Dunlap, Scott - The runner's high
Type of Spiritual Experience
The following is from the following Internet site
which may no longer be available. It was Scott Dunlap's blog of trail running, ultra running, and triathlon racing in the Western United States. Scott was the 2004 Overall Champion for the Trail Runner Magazine Trophy Series (marathon-and-shorter division), the largest trail running series in the world. This blog contained interviews, research, original fiction, new product ideas, and all things trail running….
A description of the experience
Scott Dunlap January 2008
I’m a big fan of the runner’s high. For me, the euphoric feeling is unmistakable (and usually around mile 8), which is why I’ve always been confused by coaches and medical experts saying that the “runner’s high doesn’t exist”. If that’s true, then why are we all as giddy as school girls after our weekly long run? …….For those of you unfamiliar with the runner’s high, I would encourage you to seek it out as part of your training. It’s a mental state of relaxation partnered with a mild pain cessation that occurs after 60-90 minutes of steady exercise. I find it truly euphoric, setting me in a state of eternal optimism that can last hours after a run. It’s not exactly a “drunk” effect, although it does make it a bit more difficult to remember to eat/drink/take the next turn … I would equate it to two Red Bulls and vodka, three ibuprofen, plus a $50 winning Lotto ticket in your pocket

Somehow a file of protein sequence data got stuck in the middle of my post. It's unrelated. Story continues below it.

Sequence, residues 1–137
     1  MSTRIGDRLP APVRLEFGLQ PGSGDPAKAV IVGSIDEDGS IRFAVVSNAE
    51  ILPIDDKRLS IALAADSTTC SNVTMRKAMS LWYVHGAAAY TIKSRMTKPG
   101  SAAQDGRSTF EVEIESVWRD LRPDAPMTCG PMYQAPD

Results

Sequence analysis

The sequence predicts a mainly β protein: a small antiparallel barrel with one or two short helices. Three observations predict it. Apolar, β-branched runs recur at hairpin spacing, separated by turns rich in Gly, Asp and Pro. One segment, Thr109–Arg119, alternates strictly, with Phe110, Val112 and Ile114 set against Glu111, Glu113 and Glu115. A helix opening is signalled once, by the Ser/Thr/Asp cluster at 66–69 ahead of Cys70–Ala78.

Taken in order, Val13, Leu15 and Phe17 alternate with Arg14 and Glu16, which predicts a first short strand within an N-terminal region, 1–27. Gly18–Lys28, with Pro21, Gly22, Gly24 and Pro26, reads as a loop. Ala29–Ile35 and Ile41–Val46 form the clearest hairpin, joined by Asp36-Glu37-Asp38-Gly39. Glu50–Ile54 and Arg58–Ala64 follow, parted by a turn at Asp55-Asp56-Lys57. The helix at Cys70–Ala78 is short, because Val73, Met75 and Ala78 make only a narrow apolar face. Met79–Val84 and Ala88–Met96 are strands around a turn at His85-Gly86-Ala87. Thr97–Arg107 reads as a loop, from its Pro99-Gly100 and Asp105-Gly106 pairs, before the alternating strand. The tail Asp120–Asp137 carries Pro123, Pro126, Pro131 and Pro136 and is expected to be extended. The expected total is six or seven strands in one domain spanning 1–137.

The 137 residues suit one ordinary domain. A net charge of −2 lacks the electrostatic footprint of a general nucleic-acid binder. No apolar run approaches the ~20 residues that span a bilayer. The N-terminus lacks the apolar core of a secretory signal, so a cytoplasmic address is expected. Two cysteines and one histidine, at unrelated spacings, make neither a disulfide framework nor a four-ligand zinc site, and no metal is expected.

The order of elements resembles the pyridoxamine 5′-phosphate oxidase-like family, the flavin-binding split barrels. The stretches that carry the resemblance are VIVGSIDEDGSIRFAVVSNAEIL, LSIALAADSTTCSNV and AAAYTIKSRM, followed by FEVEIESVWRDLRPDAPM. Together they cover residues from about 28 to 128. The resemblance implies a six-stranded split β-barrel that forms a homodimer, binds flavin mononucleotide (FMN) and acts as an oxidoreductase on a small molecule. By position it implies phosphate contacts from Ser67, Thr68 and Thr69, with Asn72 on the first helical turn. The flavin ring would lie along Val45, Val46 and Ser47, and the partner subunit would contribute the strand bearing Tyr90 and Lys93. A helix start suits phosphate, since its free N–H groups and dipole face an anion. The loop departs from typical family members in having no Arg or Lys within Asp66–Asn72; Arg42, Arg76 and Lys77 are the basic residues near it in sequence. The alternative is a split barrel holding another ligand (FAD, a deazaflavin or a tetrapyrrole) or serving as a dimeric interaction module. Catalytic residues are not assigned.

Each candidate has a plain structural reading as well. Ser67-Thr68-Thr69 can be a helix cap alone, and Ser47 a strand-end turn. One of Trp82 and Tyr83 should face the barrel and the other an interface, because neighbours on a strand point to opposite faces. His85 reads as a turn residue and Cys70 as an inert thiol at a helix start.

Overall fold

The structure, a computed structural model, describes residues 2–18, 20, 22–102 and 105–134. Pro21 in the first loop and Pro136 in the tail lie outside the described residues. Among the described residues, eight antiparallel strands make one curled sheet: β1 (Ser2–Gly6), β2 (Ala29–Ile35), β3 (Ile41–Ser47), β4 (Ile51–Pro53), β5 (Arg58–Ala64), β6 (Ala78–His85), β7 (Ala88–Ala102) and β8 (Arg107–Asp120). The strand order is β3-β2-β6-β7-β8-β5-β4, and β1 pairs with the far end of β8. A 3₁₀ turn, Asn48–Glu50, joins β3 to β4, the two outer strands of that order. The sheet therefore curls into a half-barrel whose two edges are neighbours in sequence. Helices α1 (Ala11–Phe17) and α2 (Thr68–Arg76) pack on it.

I didn’t experience the runner’s high until about 5-6 long runs. The first time you experience the runner’s high, it can be a bit alarming. At first it feels like that mild head rush I associate with going anaerobic, but instead of fading, it builds over the next 5-10 minutes. I noticed that when I hit this state, my tempo runs became very even, even though I was spending more time looking around than looking at my watch. Everything had a natural rhythm to it - my footsteps, the sound of the wind running past my ears...even the trees and hills around me seemed to flow together. It was a wonderful meditative state. Before I knew it, I was longing to run 8-10 miles every day to “break on through to the other side” to find that familiar state. Hello, addiction!”